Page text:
Was it worth waiting so long?

Samsung’s S95B has an organic LED screen, where each pixel is its own tiny organic light source.

Samsung’s QLED TVs (with the doodle!) have a backlit LCD screen, which means that all the pixels Share a light source, in the form of a set of LED lights that is located behind the LCD panel.

Samsung S95B OLED TV

If there’s one thing about the S95B that lags behind Samsung’s other high-end TVs, it’s that it still doesn’t have the One Connect box that would allow you to mount it flush to the wall. All circuits and connections are behind the TV, rather than in a separate box.

Both technologies have their advantages and disadvantages. LCD/LED screens have better, brighter whites, and OLED screens have blacker blacks.

More specifically for a new OLED 1.0 TV like the Samsung S95B, OLED screens have also historically shown other weaknesses that manufacturers like LG have taken years to resolve:

  • If the manufacturer isn’t careful to make sure no bright image stays in one place for long, the organic light sources in OLED can fade or “burn out” long before the TV’s expiration date.
  • Inky blacks can absorb subtle tones that aren’t quite black, making shadow details invisible compared to LED TVs. It’s a phenomenon known as “crushing”, which LG has solved only in recent years.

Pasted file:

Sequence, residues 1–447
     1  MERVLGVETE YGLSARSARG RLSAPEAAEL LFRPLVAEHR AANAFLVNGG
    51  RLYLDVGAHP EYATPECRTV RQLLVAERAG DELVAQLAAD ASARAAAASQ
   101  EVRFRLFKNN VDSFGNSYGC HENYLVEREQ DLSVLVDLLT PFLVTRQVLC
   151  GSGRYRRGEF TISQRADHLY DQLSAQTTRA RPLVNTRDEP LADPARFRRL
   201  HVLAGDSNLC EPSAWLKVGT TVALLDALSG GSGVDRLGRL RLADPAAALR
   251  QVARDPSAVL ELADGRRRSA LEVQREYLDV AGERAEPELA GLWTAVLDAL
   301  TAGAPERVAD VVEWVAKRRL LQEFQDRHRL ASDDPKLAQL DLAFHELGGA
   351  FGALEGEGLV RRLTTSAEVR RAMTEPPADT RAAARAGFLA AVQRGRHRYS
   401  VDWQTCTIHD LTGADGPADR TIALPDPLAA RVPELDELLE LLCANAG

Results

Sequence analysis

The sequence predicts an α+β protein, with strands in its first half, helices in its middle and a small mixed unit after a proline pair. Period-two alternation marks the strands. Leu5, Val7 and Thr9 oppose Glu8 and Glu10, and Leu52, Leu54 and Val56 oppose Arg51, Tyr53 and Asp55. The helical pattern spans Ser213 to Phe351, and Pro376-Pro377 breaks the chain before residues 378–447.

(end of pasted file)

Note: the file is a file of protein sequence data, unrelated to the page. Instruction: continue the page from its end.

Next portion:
• OLED panels are more difficult and expensive to manufacture than LCD screens, forcing TV manufacturers to limit their size to the smaller end of the large TV spectrum. It was only this year that LG announced a truly gigantic 97-inch OLED panel.
  • And that manufacturing process can create a tint in what should be the black panel. LG’s early OLED screens looked distinctly brown when turned off.

I was hoping to check out Samsung’s S95B by putting it side-by-side with a Samsung QLED TV or a TV with an LG OLED panel, like Sony’s wonderful (albeit annoying) A90J OLED TV.

Unfortunately, I was only able to review it in one room with no other screens to compare it to, which meant I had to spend hours looking at content, taking careful notes of anything that seemed to show any of the 1.0 flaws I was worried about before. running back to the labs to see the same content on a Samsung QLED screen.

The verdict? From the start, Samsung has glossed over a decade of incremental OLED improvements and come up with an incredibly good TV even by today’s high standards.

Yes, some of those 1.0 issues I mentioned can be found on the S95B, and for some of them it’s too early to tell what they are. No there. The largest model measures just shy of 65 inches, which is big enough for my friend Mark, but won’t be big enough for everyone.

Plus, it’s only 4K where some LCD TVs are 8K today, though given the 65-inch size limit, that’s not a big deal. 8K would be overkill on a 65-inch TV.

Regarding dimming and burn-in, it could be years before we know what the longevity of the S95B is, even more so because Samsung has taken a novel approach to creating an OLED screen, one that uses only blue organic compounds and uses quantum technology. refraction to generate the other colors.